Man who crashed drone into Yellowstone hot spring sentenced to probation and banned from national park
The German tourist who crashed a camera-equipped drone into a lake in Yellowstone National Park in July has agreed to a plea deal that would ban him from the park for one year, as well as unsupervised probation in his home country.
Andreas Meissner, 37, operated an unmanned Phantom 2 aircraft over the marina at Lake Yellowstone on July 18. It soon plummeted into the water after suffering an apparent power loss, KUSA reported. Meissner asked the National Park Service for help to recover his camera in the lake. The German tourist at first said he was filming from a kayak, and did not mention that the camera was attached to a drone, Ranger Steven Noh told the Missoulian.
In what KUSA dubbed “a first-of-its-kind federal prosecution,” Meissner appeared via teleconference in a federal courtroom located within the park. He agreed to plead guilty to three misdemeanor charges: violating the ban on operating unmanned aircraft, leaving property unattended and commercial filming without a permit. In exchange, the Park Service dropped a fourth charge of giving a false report to a government employee ‒ also a misdemeanor. He originally faced up to a maximum of six months in jail and fines for each violation.
The US Attorney’s Office agreed to allow the tourist to avoid a potential jail sentence in the United States by serving one year of unsupervised probation in Germany. He will not have to check in with the American government during that time. Meissner will also have to pay more than $1,600 in fines and restitution, and he will not be allowed to enter Yellowstone for one year, KUSA reported.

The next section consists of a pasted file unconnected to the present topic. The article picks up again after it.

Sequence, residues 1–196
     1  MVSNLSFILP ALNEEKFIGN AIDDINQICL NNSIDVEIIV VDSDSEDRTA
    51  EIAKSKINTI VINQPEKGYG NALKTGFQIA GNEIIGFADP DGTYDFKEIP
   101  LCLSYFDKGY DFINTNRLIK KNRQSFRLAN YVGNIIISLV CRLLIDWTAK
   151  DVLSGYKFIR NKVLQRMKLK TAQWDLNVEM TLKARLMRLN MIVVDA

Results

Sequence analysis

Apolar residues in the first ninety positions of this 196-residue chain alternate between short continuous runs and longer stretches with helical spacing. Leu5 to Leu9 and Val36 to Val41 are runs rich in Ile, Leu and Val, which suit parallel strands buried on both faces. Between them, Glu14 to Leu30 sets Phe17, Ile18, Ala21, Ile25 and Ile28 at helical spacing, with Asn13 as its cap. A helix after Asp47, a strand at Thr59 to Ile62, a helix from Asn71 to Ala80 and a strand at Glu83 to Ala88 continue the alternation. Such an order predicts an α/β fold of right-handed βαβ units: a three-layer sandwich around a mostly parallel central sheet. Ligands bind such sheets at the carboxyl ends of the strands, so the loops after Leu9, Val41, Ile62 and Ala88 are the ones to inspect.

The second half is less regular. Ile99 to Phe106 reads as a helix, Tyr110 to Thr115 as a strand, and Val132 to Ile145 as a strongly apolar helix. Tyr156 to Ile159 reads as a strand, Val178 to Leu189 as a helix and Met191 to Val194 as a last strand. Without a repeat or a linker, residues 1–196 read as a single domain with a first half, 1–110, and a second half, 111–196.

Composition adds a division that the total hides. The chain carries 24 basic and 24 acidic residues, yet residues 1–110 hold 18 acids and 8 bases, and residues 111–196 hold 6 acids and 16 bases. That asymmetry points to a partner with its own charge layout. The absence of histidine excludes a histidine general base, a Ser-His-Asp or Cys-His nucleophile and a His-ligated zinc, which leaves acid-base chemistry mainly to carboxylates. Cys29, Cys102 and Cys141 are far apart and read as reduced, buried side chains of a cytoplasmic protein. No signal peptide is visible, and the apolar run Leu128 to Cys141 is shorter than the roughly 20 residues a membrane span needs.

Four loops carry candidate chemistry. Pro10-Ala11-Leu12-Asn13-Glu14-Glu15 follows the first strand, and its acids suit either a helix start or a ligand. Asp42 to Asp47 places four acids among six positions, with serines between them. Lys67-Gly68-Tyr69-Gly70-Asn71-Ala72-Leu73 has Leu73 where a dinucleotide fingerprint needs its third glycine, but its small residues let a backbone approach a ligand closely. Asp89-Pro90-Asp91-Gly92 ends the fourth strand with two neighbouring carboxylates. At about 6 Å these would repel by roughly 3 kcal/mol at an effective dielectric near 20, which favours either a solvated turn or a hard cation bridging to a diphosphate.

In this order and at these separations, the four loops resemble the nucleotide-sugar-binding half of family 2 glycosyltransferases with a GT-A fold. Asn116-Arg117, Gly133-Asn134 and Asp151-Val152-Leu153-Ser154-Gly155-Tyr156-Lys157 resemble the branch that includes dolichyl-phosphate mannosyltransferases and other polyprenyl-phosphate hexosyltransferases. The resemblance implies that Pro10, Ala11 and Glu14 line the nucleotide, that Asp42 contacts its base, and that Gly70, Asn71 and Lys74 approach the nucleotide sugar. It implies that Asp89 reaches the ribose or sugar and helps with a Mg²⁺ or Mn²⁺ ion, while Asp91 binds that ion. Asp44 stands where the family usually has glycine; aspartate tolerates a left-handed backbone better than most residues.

A diver recovered the Phantom 2 and its video card under 13 feet of water 10 days after it sank. NPS seized the equipment, and the SD card from the camera showed that Meissner did two other flights in the park without permission, KUSA reported.
The German said he was filming a documentary about a charity cycling tour. NPS said it approved permits for the bike tour, but did not issue any permits for filming, according to court documents. Meissner said park officials told him he didn’t need a film permit because the tour and documentary were nonprofit in nature.
In June, the National Park Service announced a ban on drones, yet officials say top national parks in western US states are reporting an increase in the number of incidents that have disturbed both wildlife and other tourists.
Visitors are attempting to use camera-equipped drones to capture the natural beauty of the parks. Yellowstone spokesperson Al Nash said these desires must be weighed against concerns for public safety, protection of natural resources, and complaints of other visitors to parks who have reported agitation over low-flying drones at Yellowstone.
"This is, frankly, a new management challenge for us at Yellowstone," Nash told KUSA. "Up until this summer, [drone use] had been a very infrequent issue – really not something that we had run into. It became an issue this year."
In August, another drone crashed and sank into Grand Prismatic hot spring in Yellowstone. That drone has yet to be recovered because park officials are unsure how to locate the drone and remove it without damaging the hot spring ‒ if the aircraft itself hadn’t already caused permanent corruption.
"What we have to determine is whether the presence of this radio-controlled recreational aircraft poses a threat to that unique resource," Nash said of the Grand Prismatic when the device first crashed.
Also this summer, there have been a series of radio-controlled aircraft violations at Grand Teton National Park in Wyoming.